E. H. Taylor, Jr. got his start with the distilling firms of Gaines, Berry, & Co. and W. A. Gaines & Co. In 1866, Taylor made a grand observation of European distilleries; in 1868, while employed by the latter, Taylor oversaw construction of two Frankfort distilleries, Old Crow and the Hermitage (now lost to urban sprawl in Frankfort), before finally purchasing the Lee’s Town Distillery from the Swigert family around 1870. He later renamed it O. F. C or “Old Fire Copper” and constructed the Carlisle Distillery on adjoining property. (Daniel Swigert quit the distilling business, founded the famed Elmendorf Stock Farm, and died very rich.) Taylor gradually consolidated control over distilling in the area, even acquiring the Oscar Pepper Distillery—today the home of Woodford Reserve.

Economic troubles stemming from the Panic of 1873 put Taylor’s over-leveraged distilling empire in harm’s way; it changed the trajectory of both his career and Kentucky’s bourbon industry as a whole—but we’ll take a much closer look at this period of Taylor’s business timeline in Part II, Casualty of Credit: The Fall and Rebirth of the Colonel. For now, we simply need to know that the bust allowed George T. Stagg, then of St. Louis, Missouri, to buy the distillery in 1878-9. Stagg kept E. H. Taylor, Jr. on to oversee operations. As it turned out, though, Taylor and Stagg didn’t get along so well (read: at all). In 1886, the former left O. F. C. entirely (it was later renamed the George T. Stagg Distillery in 1904) and partnered with his sons Jacob Swigert Taylor (named for Jacob Swigert) and Kenner Taylor to form E. H. Taylor, Jr. & Sons. E. H. Taylor, Jr. managed the firm—known nationally for its Old Taylor label—until his death in 1923 at the age of 93. (Secondary literature is conflicted on Taylor’s date of birth. In The Social History of Bourbon, Gerald Carson suggests that Taylor lived to be 90; and, in Kentucky Bourbon Whiskey, Michael R. Veach mistakenly offers 83 as Taylor’s age at death but means 93. Government records are also frequently in conflict, but Taylor himself listed February 12, 1830 as his birthday in a 1919 S.A.R. application. It’s possible even he didn’t know, but the majority of available evidence suggests 1830.)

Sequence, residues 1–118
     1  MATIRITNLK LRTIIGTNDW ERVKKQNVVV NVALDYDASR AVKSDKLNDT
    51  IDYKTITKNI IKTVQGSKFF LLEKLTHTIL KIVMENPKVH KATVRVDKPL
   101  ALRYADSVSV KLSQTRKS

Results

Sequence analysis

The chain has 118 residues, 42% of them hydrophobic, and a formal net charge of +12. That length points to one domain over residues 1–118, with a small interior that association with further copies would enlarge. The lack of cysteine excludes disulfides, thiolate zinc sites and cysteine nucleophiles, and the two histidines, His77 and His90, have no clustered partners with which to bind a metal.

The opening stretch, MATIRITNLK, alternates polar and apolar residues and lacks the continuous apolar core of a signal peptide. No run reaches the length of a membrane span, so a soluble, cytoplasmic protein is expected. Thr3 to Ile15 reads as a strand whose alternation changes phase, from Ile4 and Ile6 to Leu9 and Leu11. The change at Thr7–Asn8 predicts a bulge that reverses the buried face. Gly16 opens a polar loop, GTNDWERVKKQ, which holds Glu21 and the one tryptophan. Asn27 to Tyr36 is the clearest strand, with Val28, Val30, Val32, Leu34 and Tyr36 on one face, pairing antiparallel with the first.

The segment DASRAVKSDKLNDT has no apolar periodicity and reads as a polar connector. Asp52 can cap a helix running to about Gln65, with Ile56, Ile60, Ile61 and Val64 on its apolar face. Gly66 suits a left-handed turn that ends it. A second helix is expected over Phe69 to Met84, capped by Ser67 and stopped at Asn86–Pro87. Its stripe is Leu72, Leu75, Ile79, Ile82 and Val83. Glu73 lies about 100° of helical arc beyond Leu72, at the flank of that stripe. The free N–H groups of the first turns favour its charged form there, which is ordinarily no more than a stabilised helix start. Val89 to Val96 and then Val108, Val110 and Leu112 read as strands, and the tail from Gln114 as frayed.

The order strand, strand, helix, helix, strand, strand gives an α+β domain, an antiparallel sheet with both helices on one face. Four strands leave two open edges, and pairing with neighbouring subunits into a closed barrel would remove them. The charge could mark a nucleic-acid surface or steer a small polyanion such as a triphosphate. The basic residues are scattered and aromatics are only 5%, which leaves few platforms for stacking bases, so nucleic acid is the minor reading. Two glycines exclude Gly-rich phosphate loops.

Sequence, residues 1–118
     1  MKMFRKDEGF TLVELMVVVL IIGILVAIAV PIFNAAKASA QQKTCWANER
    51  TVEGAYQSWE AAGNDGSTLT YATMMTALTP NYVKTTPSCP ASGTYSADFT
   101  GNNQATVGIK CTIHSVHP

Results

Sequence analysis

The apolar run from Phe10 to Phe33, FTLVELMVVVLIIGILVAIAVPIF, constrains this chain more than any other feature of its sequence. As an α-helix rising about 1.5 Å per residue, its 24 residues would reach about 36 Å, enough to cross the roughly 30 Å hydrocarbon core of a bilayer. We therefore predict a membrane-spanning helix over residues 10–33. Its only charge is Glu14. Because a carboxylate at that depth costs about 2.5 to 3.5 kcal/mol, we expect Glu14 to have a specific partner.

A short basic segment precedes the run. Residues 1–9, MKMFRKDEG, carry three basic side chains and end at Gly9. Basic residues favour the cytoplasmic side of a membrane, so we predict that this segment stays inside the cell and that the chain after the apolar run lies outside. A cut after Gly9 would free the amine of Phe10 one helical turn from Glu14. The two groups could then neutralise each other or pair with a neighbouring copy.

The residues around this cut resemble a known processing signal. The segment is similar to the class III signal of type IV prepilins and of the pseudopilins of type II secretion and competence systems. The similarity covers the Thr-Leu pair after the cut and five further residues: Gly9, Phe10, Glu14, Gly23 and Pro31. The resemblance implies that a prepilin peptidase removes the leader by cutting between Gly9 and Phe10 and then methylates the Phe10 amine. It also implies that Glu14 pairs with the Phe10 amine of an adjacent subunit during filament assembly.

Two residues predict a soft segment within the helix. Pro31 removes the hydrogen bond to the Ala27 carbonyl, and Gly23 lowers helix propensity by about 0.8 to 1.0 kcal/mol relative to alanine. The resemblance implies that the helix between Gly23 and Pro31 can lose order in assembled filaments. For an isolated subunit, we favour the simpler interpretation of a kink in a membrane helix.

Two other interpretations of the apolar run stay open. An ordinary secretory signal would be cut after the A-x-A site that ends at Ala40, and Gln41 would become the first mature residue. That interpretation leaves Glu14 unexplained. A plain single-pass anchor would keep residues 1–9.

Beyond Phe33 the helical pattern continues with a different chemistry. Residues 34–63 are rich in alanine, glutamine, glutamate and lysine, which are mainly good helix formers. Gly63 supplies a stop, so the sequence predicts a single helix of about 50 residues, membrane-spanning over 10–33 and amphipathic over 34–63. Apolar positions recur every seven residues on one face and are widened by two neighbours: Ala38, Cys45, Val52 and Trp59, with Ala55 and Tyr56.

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This placard featuring Colonel E. H. Taylor oversees operations in the mash room at the Buffalo Trace Distillery.

According to biographical literature from Buffalo Trace Distillery (the current owner and producer of the E. H. Taylor and Old Taylor labels), Colonel Edmund Haynes Taylor, Jr.’s upgrading of the O. F. C. Distillery and his innovative work at Taylor & Sons “sealed his own prestigious legacy as the ‘Father of the Modern Bourbon Industry’.” Moreover, owing to his penchant for blending old techniques with new technologies, Taylor helped usher distillation into the twentieth century and ought to be “remembered as the last of a breed, a true bourbon aristocrat who was responsible for linking the classic and modern eras of bourbon making.” Those doubting whether or not Taylor represented a marriage of Gilded Age panache and modern business sense—apparently the fundamental elements of bourbon aristocracy—may look no further than the ruins of the Old Taylor facility, where state of the art equipment once cooked mash and distilled spirits amid ornate fountains, extravagant gardens, Roman columns, and a full-on turret.

So what are we to make of Taylor’s legacy? On its surface, this plot has all the makings of a classic American rags-to-riches story: a young boy loses his father, is adopted by his wealthy uncle, and gradually ascends to fame and fortune. Historically speaking, though, things weren’t nearly that simple.

In reality, the classification of “bourbon aristocrat” had a dual-meaning in the second half of the nineteenth century. In addition to tracing his ancestry back to ex-President Zachary Taylor, E. H. Taylor, Jr.’s wife, Francis (or “Fannie”), was a scion of the influential Johnson family of Henderson County. Fannie was also a relation through marriage of the Swigerts—Jacob Swigert was her step-father, which made Daniel Swigert the (step) brother-in-law of E. H. Taylor, Jr. Col. Taylor’s eldest son, J. Swigert Taylor, married the granddaughter of John J. Crittenden while Kenner, the Colonel’s second oldest son, married back into the Johnson family. These linkages, among many others, situated the Taylor family at the nexus of a kinship matrix that included several of Kentucky’s oldest, most prevailing surnames: Crittenden, Ware, Hay, Johnson, Saffell, Speed, Rankin, and Swigert. Together these relations banked, speculated in land, bred, raced, and traded in horseflesh, leased railroads, and distilled bourbon together.